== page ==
The Guardian newspaper has announced 16 finalists in the 2012 Guardian International Development Journalism Competition. The competition, which aims to highlight overlooked or underrepresented issues in the developing world, called on contestants to submit a feature piece on an aspect of global poverty deserving of greater attention. Of the hundreds of entries submitted, a long list was narrowed down to 40 contestants, and then short-lists of eight amateur and eight professional writers were finalized. Read more...

2012 Population Awards Presented in New York

The United Nations Population Fund (UNFPA) has presented the 2012 Population Award to both Adrienne Germain, and the Federation of Reproductive Health Association Malaysia (FRHAM). The award, which was established in 1981, is given to individuals and institutions that have made outstanding contributions to population concern and their solutions. Read more...

GBC Health Coalition Conference Features First Maternal Health Panel

The Global Business Coalition on Health held its conference “Define Forward: Business, Health and the Road Ahead” on May 14-15, bringing together more than 700 corporate executives, government leaders, policy makers, civil society visionaries and media champions to explore the intersection of business and health. GBCHealth featured its first panel on maternal health, entitled “Milestone Moments on the Path to Healthier Motherhood.” Read more...

Join Us at Women Deliver 2013 – Registration is Live!

By: Jill Sheffield, President of Women Deliver

Last month, we received the good news that maternal mortality rates are on the decline – maternal deaths have fallen by nearly 50 percent over the past two decades. With this good news at our heels, we’re excited to announce the opening of registration for the Women Deliver 2013 conference – the largest global conference to focus on the health and empowerment of girls and women of the last 10 years. Read more...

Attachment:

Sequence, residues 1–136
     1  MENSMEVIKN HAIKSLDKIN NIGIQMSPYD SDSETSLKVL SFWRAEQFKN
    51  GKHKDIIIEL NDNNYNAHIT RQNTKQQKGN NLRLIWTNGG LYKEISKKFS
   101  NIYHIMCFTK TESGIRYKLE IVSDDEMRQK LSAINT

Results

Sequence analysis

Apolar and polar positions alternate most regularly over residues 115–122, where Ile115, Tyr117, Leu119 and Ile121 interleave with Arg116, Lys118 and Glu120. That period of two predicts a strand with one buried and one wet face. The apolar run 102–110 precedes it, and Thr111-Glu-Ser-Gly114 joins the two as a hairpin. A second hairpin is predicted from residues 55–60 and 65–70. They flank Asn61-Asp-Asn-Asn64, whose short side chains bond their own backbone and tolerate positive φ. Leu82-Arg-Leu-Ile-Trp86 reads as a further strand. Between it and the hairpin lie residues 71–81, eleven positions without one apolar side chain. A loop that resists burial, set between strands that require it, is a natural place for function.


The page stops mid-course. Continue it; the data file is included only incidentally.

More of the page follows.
A Push for Women’s Rights at Rio+20

By: Jennifer James; orginally posted at Impatient Optimist

Next month world leaders will converge upon Rio de Janeiro, Brazil from June 20 – 22, for Rio+20, the United Nations Conference on Sustainable Development (commonly called the “Earth Summit”).  Women's groups are pushing to become a major part of the agenda as women continue to be marginalized when it comes to poverty eradication and sustainable development.

The vast majority of the world’s poor are women and children--even twenty years after the first sustainability conference in Rio. It’s one reason why the Women’s Major Group, which includes international sustainable development organizations, is calling for women to share their stories and make their voices heard to ensure women’s issues are not shuffled off the agenda. Read more...

Why Aren’t Women’s Issues on the Agenda at Rio+20?

By: Carmen Barroso, International Planned Parenthood Federation/Western Hemisphere Region; Originally posted on Grist

In just two months, world leaders will gather in Rio to hammer out a new set of agreements on what sustainable development means, and more importantly, how both rich and developing nations can get there before it’s too late. Day by day, the buzz is building around this historic Earth Summit. But there’s a problem: The big plans being hatched for the occasion — nicknamed Rio+20 — leave women out. Read more...